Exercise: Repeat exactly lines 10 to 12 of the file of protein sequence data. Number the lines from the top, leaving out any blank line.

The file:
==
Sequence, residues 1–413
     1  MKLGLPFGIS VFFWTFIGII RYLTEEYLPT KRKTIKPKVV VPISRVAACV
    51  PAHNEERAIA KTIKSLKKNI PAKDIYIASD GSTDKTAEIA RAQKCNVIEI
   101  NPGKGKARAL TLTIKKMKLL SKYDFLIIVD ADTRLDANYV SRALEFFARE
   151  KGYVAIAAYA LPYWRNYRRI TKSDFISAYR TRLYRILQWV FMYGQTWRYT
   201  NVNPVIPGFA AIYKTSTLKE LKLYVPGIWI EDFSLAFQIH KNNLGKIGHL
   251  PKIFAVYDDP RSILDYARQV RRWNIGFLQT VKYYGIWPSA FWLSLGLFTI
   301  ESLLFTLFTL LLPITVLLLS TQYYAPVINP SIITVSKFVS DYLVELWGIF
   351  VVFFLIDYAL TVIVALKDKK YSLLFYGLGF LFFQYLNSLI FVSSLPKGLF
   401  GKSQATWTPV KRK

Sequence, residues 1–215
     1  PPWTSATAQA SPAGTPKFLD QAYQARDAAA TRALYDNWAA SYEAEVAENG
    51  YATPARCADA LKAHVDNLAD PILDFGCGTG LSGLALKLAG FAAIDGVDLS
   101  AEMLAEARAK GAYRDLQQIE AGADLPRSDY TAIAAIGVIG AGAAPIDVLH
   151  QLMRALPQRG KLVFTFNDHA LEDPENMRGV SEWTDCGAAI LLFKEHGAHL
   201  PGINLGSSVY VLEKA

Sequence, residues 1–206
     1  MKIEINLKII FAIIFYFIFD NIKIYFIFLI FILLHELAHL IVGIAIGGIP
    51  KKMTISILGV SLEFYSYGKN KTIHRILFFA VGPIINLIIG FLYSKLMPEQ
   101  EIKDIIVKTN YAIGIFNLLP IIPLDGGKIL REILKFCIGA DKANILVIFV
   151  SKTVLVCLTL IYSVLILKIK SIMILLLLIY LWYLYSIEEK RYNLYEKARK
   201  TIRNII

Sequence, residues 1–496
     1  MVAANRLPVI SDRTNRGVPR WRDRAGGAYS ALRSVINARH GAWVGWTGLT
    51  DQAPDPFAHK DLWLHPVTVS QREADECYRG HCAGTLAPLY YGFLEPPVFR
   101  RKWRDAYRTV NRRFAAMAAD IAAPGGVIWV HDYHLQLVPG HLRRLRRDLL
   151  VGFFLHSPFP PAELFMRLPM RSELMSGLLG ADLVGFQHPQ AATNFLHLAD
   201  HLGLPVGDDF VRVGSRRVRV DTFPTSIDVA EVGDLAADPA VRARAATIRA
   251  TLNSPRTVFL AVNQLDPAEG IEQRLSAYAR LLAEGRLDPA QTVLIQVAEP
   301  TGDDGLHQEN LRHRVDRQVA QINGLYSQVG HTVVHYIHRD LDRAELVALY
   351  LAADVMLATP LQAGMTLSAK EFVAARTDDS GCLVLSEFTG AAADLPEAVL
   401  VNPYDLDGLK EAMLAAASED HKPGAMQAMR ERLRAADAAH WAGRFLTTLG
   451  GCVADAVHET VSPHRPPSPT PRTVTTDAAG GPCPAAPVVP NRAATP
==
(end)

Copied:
   401  GKSQATWTPV KRK

Sequence, residues 1–215
     1  PPWTSATAQA SPAGTPKFLD QAYQARDAAA TRALYDNWAA SYEAEVAENG